Iraq Could Split, Says Former CIA Head

Mike Morell thinks a democratic, unified Iraq is unlikely to emerge from current chaos.

National Journal
Kaveh Waddell
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Kaveh Waddell
June 18, 2014, 10:14 a.m.

The cur­rent con­flict in Ir­aq may have already in­flic­ted ir­re­vers­ible dam­age on the coun­try, lead­ing either to par­ti­tion or to an Ir­an-backed dic­tat­or­ship.

That’s ac­cord­ing to Mike Mo­rell, the former act­ing dir­ect­or of the Cent­ral In­tel­li­gence Agency, in an in-depth in­ter­view with Charlie Rose on Tues­day. A mil­it­ant group called the Is­lam­ic State of Ir­aq and Syr­ia has made sub­stan­tial ad­vances in Ir­aq in the past sev­er­al weeks, and is with­in strik­ing dis­tance of Bagh­dad.

Mo­rell said this con­flict rep­res­ents “the most ser­i­ous set of cir­cum­stances in the Middle East” since the Ar­ab-Is­raeli war in 1973.

The former deputy dir­ect­or en­vi­sioned three pos­sible scen­ari­os for Ir­aq’s im­me­di­ate fu­ture. The first pos­sib­il­ity is par­ti­tion. This would be the blood­i­est scen­ario and would stir up sec­tari­an vi­ol­ence, ac­cord­ing to Mo­rell, and will likely come true in the ab­sence of any out­side in­ter­ven­tion. In this scen­ario, Mo­rell said, “there will be an aw­ful lot of blood. There will be hu­man­it­ari­an crises.”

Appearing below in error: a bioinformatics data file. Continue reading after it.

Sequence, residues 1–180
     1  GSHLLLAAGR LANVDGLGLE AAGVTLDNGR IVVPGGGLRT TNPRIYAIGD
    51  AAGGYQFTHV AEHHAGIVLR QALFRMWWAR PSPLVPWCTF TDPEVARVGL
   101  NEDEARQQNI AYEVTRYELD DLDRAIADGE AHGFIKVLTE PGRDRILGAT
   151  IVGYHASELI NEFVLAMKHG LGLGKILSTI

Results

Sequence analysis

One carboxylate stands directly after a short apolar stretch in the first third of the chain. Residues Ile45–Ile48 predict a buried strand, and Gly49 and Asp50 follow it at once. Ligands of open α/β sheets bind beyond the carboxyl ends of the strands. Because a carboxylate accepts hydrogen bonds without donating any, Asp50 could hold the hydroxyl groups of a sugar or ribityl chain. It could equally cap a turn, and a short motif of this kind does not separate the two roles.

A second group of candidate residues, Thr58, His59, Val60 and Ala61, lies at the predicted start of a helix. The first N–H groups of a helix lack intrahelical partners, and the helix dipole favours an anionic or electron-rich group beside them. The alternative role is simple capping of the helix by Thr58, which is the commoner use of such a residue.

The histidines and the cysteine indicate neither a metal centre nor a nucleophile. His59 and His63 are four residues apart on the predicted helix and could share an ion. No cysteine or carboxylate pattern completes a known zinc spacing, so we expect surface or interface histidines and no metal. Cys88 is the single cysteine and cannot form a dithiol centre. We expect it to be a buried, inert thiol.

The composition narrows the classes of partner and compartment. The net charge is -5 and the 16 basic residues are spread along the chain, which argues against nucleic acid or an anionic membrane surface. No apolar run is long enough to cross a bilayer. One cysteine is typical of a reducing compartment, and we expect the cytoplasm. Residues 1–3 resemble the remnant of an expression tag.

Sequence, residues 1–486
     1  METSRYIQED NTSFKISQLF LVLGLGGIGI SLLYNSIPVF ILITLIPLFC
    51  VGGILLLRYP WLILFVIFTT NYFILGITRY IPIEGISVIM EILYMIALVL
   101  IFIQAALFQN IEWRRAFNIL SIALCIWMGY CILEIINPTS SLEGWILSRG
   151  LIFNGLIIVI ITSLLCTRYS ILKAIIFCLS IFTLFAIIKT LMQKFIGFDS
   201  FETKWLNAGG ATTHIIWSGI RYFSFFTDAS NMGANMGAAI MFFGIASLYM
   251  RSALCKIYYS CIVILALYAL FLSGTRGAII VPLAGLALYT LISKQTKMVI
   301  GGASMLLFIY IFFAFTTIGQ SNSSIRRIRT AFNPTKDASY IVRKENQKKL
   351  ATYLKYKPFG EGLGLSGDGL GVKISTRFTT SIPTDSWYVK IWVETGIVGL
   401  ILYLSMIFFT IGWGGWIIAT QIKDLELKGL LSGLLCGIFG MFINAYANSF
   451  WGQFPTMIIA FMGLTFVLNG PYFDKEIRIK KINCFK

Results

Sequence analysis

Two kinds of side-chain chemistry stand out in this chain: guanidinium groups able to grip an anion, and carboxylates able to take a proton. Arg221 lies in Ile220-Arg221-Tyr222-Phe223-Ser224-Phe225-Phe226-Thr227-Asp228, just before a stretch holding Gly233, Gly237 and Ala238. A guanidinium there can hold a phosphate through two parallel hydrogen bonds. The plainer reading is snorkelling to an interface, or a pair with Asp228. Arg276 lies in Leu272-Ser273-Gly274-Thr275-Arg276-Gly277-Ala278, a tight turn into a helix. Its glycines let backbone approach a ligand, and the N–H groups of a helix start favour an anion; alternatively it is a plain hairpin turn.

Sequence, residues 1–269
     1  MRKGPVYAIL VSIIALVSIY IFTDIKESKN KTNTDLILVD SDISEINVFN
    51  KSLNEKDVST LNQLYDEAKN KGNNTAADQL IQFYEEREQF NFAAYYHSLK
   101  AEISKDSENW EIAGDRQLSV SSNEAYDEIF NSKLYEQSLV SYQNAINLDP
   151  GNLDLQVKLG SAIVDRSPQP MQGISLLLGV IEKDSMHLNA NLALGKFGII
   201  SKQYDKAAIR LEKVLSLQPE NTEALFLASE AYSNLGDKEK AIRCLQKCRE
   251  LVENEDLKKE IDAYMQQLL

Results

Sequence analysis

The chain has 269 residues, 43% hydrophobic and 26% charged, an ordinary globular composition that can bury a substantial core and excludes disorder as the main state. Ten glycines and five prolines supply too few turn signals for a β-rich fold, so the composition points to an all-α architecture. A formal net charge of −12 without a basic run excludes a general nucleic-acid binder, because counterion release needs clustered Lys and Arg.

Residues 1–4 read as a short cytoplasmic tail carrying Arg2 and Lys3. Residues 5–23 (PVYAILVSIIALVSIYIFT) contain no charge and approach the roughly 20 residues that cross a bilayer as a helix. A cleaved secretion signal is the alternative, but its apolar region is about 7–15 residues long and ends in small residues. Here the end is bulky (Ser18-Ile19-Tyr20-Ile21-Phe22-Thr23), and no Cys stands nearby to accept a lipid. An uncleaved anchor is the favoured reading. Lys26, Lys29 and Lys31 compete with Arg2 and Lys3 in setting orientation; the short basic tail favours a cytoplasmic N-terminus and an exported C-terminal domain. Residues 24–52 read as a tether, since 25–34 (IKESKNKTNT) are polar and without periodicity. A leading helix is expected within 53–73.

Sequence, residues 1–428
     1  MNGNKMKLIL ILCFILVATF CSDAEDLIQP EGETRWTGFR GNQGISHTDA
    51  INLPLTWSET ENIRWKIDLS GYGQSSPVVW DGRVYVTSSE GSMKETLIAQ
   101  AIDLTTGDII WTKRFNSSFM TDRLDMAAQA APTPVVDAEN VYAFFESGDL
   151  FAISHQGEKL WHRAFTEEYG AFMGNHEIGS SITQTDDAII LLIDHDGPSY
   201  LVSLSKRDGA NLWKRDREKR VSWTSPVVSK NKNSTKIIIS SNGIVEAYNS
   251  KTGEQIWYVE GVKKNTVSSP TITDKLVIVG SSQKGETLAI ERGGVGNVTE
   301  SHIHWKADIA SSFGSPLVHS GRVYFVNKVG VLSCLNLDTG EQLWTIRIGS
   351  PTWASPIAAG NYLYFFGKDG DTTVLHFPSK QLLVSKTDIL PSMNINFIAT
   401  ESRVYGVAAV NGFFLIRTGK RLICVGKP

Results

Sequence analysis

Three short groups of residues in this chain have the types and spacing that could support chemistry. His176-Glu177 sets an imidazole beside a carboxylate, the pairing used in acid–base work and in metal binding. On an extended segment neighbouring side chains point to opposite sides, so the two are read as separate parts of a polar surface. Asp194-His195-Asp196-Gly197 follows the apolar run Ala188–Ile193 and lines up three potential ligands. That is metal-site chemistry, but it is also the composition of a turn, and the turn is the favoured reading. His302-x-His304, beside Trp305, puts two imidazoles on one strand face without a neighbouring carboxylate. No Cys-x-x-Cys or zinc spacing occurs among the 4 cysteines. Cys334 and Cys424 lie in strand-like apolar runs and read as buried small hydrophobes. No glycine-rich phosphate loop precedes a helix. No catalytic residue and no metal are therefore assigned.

This would also mean that the mil­it­ants could use the ter­rit­ory they’ve taken over “as a safe haven from which to at­tack West­ern Europe and from which to at­tack the home­land.” And the con­flict could also “spill over in­to the rest of the re­gion.”

In an­oth­er scen­ario, Ir­aq could re­main in­tact, but sig­ni­fic­ant Ir­a­ni­an in­ter­ven­tion would turn  it in­to a “Shi’a dic­tat­or­ship” and a de facto pup­pet state. This would leave the coun­try in just as bad a situ­ation as it was be­fore the Amer­ic­an in­va­sion in 2003. “In es­sence, what hap­pens is, you have an Ir­aq as you did un­der Sad­dam [Hus­sein], but the lead­er is a Shi’a,” he said.

There is third pos­sib­il­ity, however. The ideal out­come would be if Ir­aq comes to­geth­er in a new demo­cracy un­der a new gov­ern­ing co­ali­tion. This would re­quire the in­volve­ment of the U.S., Ir­an, and mod­er­ate Sunni states, and the ouster of Ir­aqi Prime Min­is­ter Nouri al-Ma­liki.

Mo­rell was not op­tim­ist­ic about the chances of reach­ing a demo­crat­ic solu­tion. He ranked the three scen­ari­os above in des­cend­ing or­der of like­li­hood: a par­ti­tioned Ir­aq, an Ir­a­ni­an pup­pet state, then a uni­fied demo­cracy. Spe­cific­ally, he said that the ideal, demo­crat­ic out­come is un­likely be­cause of the twin chal­lenges of get­ting Ma­liki to step down and of find­ing someone to suc­ceed him who will be sup­por­ted by both Ir­aqi Sun­nis and Shi’a Ir­an.

As IS­IS ad­vances on Bagh­dad, Ir­aq’s fate re­mains un­clear. Any of these three scen­ari­os is pos­sible, but the only one that is re­motely at­tract­ive to the U.S. — and the one that is most prom­ising for Ir­aqi cit­izens — is the least likely.

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